Effects of Isoflurane on the Action Potential. Using current-clamp recording, isoflurane inhibited AP amplitude and increased half-width in either normal or high extracellular Ca2+ solution in a concentration-dependent manner (Fig. 2A; Table 1). Isoflurane significantly reduced the nerve terminal AP amplitude by 18% at 0.41 ± 0.05 mM (n = 16) and by 34% at 0.82 ± 0.06 mM (n = 14), equivalent to 1.2 and 2.3 times, respectively, the effective aqueous isoflurane EC50 for general anesthesia in rats of 0.35 mM (Taheri et al., 1991); this aqueous concentration for volatile anesthetic potency is temperature-insensitive (Franks and Lieb, 1996). This effect of isoflurane was reversible with washout by superfusion of control solution for 1 min. Isoflurane also reversibly depolarized resting membrane potential (Fig. 3A; Table 1). To assess the contribution of voltage-gated ion channel inactivation as a result of the slight depolarization to the depressant effects of isoflurane, experiments were also performed with the membrane potential held at the control level in the presence of isoflurane. Comparable depression of AP amplitude was observed when the resting potential was held at control (-65 mV) or slightly depolarized (-55 mV) potentials (67 versus 63% of control, respectively; Fig. 3; n = 4). The AP amplitude was significantly enhanced by high Ca2+ (10 mM). In the presence of high external Ca2+, isoflurane (0.82 ± 0.07 mM) reversibly inhibited AP amplitude (p < 0.001; n = 4) and AHP peak amplitude (p < 0.001; n = 4), and increased AP half-width (Table 1; Fig. 4, A and B; p < 0.01; n = 4).
Effects of Isoflurane on Action Potential Waveform-Evoked Ion Currents. The action potentials recorded from seven NHP terminals were averaged using pClamp 8.2. This averaged AP waveform was used as a voltage stimulus to study the effects of isoflurane on the underlying ion currents (action potential-clamp). A transient tetrodotoxin-sensitive INa was the principal current mediating the depolarizing phase of the AP. During the repolarizing phase, a slowly inactivating voltage-gated Ca2+ current (blocked by 400 μM external Cd2+; data not shown) followed the initial transient INa in 20–30% of terminals and was enhanced in high Ca2+ solution (Fig. 5). Isoflurane reversibly inhibited both currents (Figs. 5C and 6A). The isoflurane IC50 for AP waveform-evoked INa was 0.36 mM (Fig. 6B). Isoflurane (0.84 ± 0.04 mM) inhibited the AP waveform-evoked ICa by 37.5 ± 0.16% (Fig. 5C; p < 0.05; n = 3). Effects of Isoflurane on Potassium Current. The effects of isoflurane on the AP and IK were observed in the same terminals by switching between current-clamp and voltage-clamp recording modes, respectively. Isoflurane concentration dependently and reversibly inhibited peak IK (IC50 = 0.83 mM) and sustained IK (IC50 = 0.73 mM; Fig. 7). The voltage dependence for inhibition of IK by isoflurane was determined by plotting normalized IK amplitude versus test potential (Fig. 8, A and B). Inhibition of peak IK by isoflurane was not voltage-dependent, but inhibition of sustained IK was greater at more positive test potentials. Isoflurane produced a small hyperpolarizing shift in the voltage dependence of sustained IK activation (Fig. 8, C and D; Table 2). In the presence of high Ca2+, isoflurane (0.85 ± 0.04 mM) inhibited peak IK by 37.5 ± 0.09% (p < 0.01; n = 4) and sustained IK by 66.7 ± 0.12% (p < 0.001; n = 4), and totally inhibited the enhanced Ca2+-activated K+ current (Fig. 4D).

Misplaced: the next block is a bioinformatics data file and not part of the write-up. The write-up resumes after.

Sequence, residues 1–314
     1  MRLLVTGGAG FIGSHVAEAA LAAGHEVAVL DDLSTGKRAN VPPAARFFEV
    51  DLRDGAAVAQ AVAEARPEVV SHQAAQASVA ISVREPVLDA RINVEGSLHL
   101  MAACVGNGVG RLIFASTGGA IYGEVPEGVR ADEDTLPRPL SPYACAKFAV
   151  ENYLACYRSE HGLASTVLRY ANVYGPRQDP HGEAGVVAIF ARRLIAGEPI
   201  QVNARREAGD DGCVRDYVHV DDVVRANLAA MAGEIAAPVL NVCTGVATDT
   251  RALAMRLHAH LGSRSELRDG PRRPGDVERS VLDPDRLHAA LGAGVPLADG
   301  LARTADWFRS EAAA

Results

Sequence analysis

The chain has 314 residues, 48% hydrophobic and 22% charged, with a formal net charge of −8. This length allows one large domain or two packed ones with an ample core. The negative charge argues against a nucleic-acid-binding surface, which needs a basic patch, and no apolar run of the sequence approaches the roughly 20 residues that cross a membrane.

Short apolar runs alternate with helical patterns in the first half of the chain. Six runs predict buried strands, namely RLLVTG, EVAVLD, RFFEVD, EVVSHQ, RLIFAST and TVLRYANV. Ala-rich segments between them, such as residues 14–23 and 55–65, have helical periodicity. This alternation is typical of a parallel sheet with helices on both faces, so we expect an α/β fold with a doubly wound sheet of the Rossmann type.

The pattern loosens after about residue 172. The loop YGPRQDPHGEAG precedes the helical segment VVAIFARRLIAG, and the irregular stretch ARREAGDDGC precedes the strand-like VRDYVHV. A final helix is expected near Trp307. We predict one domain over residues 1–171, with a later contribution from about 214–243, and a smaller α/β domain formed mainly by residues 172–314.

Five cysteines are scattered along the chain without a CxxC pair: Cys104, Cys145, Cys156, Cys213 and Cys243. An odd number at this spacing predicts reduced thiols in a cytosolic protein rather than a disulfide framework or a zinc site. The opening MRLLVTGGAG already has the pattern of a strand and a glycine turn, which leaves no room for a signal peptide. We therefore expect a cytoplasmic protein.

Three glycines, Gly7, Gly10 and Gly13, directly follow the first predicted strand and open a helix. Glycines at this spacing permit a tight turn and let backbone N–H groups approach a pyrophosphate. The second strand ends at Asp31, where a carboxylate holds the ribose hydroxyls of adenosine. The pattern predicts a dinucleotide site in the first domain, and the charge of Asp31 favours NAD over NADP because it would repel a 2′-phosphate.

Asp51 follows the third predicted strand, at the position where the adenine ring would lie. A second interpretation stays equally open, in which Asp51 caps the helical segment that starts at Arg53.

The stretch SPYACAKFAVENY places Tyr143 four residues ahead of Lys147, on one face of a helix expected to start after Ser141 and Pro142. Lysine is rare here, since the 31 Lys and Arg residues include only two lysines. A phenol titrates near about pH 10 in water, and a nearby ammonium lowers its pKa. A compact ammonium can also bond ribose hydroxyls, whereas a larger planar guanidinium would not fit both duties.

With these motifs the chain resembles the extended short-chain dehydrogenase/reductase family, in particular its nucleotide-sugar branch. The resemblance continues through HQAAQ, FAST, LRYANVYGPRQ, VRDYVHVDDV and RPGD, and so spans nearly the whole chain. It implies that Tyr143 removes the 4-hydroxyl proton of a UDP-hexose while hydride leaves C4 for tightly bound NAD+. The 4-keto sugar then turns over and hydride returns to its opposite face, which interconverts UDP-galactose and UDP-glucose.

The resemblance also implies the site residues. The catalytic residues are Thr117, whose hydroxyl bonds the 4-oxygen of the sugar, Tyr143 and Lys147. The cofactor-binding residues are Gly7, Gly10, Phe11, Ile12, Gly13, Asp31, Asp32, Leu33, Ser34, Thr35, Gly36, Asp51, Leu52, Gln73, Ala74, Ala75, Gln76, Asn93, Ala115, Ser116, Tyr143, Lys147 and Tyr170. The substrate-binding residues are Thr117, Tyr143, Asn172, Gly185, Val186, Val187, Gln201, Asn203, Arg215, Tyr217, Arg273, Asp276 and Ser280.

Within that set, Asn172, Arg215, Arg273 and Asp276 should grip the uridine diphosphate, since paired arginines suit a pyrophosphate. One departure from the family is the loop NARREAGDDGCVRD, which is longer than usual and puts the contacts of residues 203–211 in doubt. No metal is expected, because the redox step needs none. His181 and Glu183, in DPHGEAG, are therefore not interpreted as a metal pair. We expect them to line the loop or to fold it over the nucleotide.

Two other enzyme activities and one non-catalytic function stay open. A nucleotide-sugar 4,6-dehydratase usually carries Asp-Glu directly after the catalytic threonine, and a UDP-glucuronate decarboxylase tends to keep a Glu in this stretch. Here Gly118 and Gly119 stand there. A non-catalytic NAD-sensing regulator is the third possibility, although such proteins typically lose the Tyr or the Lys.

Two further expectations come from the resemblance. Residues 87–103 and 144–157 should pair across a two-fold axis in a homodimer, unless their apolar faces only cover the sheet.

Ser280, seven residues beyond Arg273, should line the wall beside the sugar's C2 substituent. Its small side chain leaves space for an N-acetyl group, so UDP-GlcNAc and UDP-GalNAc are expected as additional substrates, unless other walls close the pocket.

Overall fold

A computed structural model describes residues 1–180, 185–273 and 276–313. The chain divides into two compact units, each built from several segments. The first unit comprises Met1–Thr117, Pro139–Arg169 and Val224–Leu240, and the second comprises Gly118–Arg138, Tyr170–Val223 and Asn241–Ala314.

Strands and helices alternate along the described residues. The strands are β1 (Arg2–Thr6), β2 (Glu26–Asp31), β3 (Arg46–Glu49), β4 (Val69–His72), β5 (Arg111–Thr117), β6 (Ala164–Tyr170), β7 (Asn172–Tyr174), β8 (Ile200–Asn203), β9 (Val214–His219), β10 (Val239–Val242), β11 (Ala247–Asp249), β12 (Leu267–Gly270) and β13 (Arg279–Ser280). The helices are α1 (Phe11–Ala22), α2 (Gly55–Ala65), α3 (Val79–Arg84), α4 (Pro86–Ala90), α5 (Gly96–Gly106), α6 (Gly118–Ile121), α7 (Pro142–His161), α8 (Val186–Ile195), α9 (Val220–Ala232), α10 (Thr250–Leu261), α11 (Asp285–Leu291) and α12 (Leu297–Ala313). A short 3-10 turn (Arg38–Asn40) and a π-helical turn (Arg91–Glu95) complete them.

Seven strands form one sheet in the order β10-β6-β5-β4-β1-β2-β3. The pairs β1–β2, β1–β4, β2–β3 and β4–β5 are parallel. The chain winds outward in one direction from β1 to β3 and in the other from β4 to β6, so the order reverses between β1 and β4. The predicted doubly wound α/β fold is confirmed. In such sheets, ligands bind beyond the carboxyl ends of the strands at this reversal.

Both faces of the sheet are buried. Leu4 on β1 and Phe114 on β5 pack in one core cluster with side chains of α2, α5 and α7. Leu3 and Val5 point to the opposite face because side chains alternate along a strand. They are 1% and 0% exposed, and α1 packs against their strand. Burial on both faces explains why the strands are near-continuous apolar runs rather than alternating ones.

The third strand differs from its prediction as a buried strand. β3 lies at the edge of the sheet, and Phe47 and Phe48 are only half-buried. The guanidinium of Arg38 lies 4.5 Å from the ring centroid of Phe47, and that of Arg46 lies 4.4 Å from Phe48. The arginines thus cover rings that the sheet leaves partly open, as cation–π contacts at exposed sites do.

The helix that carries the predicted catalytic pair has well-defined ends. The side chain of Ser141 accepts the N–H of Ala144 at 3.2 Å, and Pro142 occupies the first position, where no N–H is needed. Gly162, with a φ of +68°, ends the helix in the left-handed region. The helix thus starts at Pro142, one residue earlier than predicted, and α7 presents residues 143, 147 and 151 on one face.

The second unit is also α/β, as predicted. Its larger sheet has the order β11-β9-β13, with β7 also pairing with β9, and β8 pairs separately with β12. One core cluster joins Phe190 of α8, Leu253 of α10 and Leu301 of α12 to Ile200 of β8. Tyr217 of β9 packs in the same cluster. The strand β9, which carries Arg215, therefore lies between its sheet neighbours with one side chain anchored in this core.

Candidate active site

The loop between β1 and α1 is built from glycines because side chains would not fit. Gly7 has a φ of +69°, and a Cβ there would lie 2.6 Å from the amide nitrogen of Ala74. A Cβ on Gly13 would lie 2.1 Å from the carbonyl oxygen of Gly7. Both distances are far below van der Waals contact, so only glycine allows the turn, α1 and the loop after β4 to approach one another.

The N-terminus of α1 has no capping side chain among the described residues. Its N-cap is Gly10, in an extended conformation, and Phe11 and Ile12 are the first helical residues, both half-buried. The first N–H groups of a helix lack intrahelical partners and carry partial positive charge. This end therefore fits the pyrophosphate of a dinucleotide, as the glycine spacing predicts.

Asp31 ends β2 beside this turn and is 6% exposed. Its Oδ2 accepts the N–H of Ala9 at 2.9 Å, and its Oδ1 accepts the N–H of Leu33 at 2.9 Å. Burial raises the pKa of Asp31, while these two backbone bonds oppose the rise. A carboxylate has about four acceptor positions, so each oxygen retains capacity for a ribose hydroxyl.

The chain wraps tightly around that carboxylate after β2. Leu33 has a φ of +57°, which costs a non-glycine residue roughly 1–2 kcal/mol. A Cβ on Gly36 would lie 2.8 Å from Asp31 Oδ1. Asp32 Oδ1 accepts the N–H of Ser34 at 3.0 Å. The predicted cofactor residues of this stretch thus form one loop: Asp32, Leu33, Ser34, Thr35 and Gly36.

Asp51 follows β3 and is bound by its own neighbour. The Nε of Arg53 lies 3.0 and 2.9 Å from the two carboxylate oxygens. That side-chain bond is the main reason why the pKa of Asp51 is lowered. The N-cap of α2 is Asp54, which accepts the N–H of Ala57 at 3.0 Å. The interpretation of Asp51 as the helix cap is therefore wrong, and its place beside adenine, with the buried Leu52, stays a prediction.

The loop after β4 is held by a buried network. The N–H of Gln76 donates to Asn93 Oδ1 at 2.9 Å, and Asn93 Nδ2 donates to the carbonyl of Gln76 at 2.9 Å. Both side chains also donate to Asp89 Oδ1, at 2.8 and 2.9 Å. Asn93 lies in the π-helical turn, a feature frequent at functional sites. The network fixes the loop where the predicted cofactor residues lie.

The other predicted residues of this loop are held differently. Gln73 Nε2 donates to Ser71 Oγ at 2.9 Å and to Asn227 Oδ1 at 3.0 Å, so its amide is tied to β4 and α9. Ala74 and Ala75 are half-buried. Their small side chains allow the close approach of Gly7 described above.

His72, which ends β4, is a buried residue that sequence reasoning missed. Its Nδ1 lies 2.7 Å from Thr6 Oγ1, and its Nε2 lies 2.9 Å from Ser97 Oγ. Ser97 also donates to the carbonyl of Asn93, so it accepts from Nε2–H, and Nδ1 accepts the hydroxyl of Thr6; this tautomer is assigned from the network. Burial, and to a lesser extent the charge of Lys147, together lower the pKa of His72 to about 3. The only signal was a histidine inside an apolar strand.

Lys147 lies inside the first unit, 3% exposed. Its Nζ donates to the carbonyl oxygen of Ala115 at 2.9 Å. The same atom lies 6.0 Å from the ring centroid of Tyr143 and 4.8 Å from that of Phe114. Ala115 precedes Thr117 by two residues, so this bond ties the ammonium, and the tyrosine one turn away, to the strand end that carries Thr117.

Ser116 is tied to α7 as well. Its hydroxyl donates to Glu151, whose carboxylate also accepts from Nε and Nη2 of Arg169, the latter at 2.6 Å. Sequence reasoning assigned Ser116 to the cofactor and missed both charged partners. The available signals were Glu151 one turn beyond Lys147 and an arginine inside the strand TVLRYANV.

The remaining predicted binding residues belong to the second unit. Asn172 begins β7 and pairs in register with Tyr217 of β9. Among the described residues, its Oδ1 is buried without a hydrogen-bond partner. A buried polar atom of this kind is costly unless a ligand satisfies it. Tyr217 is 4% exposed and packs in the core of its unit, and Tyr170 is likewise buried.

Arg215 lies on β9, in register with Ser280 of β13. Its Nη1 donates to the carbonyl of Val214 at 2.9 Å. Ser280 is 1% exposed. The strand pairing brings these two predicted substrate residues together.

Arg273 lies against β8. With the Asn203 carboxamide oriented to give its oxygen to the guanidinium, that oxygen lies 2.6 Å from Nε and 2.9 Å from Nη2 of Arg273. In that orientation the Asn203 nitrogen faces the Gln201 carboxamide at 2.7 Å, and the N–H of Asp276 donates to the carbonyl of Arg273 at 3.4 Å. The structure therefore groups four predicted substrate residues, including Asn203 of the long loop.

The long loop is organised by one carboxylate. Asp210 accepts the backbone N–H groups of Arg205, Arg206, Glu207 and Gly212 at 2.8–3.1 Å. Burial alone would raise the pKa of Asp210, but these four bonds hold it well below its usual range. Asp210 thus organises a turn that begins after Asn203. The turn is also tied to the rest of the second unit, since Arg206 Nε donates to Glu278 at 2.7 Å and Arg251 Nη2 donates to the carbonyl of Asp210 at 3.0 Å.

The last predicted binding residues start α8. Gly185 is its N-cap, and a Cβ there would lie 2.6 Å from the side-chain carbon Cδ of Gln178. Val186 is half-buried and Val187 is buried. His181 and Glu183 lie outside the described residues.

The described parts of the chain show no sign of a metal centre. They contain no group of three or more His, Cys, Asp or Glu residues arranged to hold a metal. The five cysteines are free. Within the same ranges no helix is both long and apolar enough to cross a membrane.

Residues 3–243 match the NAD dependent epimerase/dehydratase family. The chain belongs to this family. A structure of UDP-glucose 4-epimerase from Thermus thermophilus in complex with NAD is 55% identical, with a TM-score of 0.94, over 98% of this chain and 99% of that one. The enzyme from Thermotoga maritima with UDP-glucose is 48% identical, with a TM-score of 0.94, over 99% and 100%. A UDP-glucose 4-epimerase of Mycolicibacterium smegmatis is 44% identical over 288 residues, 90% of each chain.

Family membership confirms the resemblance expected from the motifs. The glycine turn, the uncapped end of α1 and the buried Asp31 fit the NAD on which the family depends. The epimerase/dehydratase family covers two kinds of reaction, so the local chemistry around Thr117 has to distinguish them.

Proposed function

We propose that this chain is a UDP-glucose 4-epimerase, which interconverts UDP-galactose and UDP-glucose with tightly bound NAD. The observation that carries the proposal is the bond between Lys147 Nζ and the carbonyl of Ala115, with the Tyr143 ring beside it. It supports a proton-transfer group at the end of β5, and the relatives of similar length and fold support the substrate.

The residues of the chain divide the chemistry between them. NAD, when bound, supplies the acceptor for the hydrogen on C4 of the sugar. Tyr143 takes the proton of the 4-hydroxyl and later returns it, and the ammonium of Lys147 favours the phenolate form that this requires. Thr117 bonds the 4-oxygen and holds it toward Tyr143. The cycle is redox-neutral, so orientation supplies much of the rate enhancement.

The ether anesthetic isoflurane inhibited several prominent ion currents involved in determining excitability and shaping the action potential in isolated neurohypophysial nerve terminals. Action potential generation in isolated NHP terminals depends largely on fast inward Na+ current during the depolarizing phase and outward A-type K+ current in the repolarizing phase; Ca2+ current and Ca2+-activated K+ current also contribute to the AP (Faber and Sah, 2003). The basic properties of the current pulse-induced APs reported here are similar to those reported using intraterminal recordings from NHP terminals in situ activated by electrical stimulation of the neural stalk (Bourque, 1990), which included a resting potential of -60 mV and AP amplitude of 72 mV. Isoflurane reversibly inhibited the amplitude and increased the duration of the AP and inhibited peak and sustained voltage-gated K+ currents, as well as Na+ and Ca2+ currents activated by an action potential waveform voltage protocol. The effects of isoflurane on INa occurred at clinically relevant concentrations (IC50 = 0.36 mM; ≈1.0 minimum alveolar concentration), whereas effects on IK (peak IC50 = 0.83 mM; sustained IC50 = 0.73 mM) and ICa were less potent compared with isoflurane potency (EC50) for general anesthesia in rats (aqueous minimum alveolar concentration = 0.35 mM; Taheri et al., 1991). Thus, isoflurane inhibits a number of presynaptic voltage-gated ion currents, most potently INa. These currents are all mediated by members of the voltagegated ion channel superfamily (Nelson et al., 1999), which suggests a role for a common feature of these channels in their sensitivities to isoflurane. Whether the reduced action potential amplitude by isoflurane results in reduced transmitter release in NHP terminals as volatile anesthetics do in glutamatergic and GABAergic CNS terminals (Perouansky and Hemmings, 2003) will require further investigation.